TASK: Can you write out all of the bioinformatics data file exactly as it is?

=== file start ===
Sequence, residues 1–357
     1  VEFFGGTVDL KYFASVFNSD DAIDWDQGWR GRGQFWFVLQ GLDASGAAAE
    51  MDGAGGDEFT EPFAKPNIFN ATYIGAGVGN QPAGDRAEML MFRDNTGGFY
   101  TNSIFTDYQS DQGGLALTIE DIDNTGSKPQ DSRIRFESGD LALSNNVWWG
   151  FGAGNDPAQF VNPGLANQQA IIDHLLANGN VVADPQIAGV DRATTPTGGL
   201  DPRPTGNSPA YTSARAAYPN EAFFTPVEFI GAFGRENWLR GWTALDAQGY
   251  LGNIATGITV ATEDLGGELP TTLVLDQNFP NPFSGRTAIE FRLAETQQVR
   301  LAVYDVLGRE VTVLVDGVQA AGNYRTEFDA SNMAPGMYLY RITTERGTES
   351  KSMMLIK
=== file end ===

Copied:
Sequence, residues 1–357
     1  VEFFGGTVDL KYFASVFNSD DAIDWDQGWR GRGQFWFVLQ GLDASGAAAE
    51  MDGAGGDEFT EPFAKPNIFN ATYIGAGVGN QPAGDRAEML MFRDNTGGFY
   101  TNSIFTDYQS DQGGLALTIE DIDNTGSKPQ DSRIRFESGD LALSNNVWWG
   151  FGAGNDPAQF VNPGLANQQA IIDHLLANGN VVADPQIAGV DRATTPTGGL
   201  DPRPTGNSPA YTSARAAYPN EAFFTPVEFI GAFGRENWLR GWTALDAQGY
   251  LGNIATGITV ATEDLGGELP TTLVLDQNFP NPFSGRTAIE FRLAETQQVR
   301  LAVYDVLGRE VTVLVDGVQA AGNYRTEFDA SNMAPGMYLY RITTERGTES
   351  KSMMLIK